Faustus: The Met, Bury – live review
THE MET, BURY
October 6 2017
They may be ‘big in Germany’ but their roots are decidedly English. Benji Kirkpatrick, Paul Sartin and Saul Rose team up for another round of touring in the guise of Faustus.
Like fellow folk trio Leveret, in the locale the previous night, Faustus have just returned from Germany, a place that suddenly seems to have something of a pull for English folk music. In a bizarre version of entente cordial, exporting our traditional music to the continent and returning with some Deutscher cold germs in return. Lovely.
A big clap on the back for this gig, not for the three who stand on stage and deliver the musical goods, but to regular travelling companion and sound man Matt who dialled up something magical on his tablet to give the three piece sound a real deep resonance. A rich swell that belied the fact that the creation was the result of just three instruments onstage.
For Faustus, the focus remains on showcasing their most recent work; the Death And Other Animals material running the gamut from the dark and the ominous danse macabre plod of Death He Goes A Walking to the Harry Kitchener set of tunes that shifted from something like a revved up morris dance to a celtic jig (or reel? – like a rugby ruck or maul, I could never get my head round the difference). Whatever, it was vibrant folk music with the sort of unbridled energy, the style of frantic romp that would be right at home in an outrageous big brassy band arrangement. Slaves and The Deadly Sands take the direction towards the noble and imposing while False Foxes once again recalls the recurring pulse of the bass guitar run in Tubular Bells just before the spoken word and instruments start to join in.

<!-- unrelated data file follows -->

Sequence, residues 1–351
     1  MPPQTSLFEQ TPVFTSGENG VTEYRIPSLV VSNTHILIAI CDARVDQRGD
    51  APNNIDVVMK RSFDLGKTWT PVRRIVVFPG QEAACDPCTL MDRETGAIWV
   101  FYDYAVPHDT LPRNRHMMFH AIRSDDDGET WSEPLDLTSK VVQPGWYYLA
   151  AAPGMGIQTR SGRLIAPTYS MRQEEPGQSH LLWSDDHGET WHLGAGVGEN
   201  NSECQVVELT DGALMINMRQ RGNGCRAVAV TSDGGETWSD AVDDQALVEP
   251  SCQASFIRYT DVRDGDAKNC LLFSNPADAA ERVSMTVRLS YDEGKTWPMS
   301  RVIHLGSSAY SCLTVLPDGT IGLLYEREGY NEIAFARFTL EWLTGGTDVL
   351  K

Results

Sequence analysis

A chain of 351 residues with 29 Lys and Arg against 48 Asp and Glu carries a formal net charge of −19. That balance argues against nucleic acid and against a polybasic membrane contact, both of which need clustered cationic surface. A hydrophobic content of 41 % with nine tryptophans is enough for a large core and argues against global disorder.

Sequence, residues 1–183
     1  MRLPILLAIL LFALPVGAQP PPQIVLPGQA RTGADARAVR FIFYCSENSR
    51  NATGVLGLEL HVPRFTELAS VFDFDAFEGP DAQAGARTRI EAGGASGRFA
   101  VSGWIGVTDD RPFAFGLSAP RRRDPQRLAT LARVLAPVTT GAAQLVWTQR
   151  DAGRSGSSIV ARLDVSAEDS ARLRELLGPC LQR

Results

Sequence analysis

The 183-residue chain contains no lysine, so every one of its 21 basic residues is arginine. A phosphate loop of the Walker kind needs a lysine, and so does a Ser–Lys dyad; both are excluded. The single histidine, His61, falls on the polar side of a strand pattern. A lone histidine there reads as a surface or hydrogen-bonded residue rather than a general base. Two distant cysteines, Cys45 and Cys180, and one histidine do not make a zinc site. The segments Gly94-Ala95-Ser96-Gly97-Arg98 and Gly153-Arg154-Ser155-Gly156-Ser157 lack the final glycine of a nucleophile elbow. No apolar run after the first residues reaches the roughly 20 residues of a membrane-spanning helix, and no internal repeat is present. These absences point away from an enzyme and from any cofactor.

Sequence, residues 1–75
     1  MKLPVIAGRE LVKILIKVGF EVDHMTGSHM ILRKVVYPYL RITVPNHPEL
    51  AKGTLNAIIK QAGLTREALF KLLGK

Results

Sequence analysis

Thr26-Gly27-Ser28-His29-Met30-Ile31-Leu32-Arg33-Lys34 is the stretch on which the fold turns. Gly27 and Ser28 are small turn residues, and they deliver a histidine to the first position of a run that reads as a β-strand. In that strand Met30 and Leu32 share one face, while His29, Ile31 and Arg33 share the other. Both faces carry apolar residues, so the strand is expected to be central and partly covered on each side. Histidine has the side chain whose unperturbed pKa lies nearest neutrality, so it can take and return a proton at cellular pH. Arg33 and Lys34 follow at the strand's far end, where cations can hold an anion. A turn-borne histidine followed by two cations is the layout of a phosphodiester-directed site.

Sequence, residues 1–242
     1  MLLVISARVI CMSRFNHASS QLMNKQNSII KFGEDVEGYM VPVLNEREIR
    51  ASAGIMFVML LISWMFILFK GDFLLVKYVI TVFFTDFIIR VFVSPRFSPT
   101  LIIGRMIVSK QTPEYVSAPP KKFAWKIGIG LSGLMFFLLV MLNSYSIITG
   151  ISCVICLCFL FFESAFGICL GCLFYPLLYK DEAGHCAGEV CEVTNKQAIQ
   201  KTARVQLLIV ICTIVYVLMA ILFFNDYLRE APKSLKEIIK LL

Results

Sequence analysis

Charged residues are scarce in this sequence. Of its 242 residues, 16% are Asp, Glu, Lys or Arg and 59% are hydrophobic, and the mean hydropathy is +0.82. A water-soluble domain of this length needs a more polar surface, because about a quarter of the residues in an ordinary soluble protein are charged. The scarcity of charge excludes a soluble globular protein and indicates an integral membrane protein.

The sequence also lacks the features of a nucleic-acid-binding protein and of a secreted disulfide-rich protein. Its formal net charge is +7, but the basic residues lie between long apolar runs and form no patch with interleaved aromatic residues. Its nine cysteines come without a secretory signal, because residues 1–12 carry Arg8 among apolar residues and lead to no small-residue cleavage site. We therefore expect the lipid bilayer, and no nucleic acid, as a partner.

Three finer and jolly fellows you couldn’t wish for and they show their mettle in lighter moments when they encore with Broken Down Gentlemen and the straight laced banter that culminates in Benji Kirkpatrick’s Connolly-esque rambling intros – it can’t be easy multitasking on tuning and talking – which are like those puzzles (this one should be Find the route to the song title) where the object is to find the link between George Best and a tuna sandwich in five steps.
It’s always a treat when they dig a little deeper and to hear The Hostesses Daughter – the opening track from their debut album – and although there was no room for the same album’s Ballina Whalers, any seafaring members of the congregation were catered for with the rollicking Og’s Eye Man.
Like many folk musicians who flit from pillar to post, gigging with one band one night and then in a different combo another, Faustus might be a part time band but there’s no compromise on their return.
You can find the Faustus website at: http://faustusband.com/
All words and live photography by Mike Ainscoe. You can find more of Mike’s writing on Louder Than War at his author’s archive. He can be found on Facebook and his website is www.michaelainscoephotography.co.uk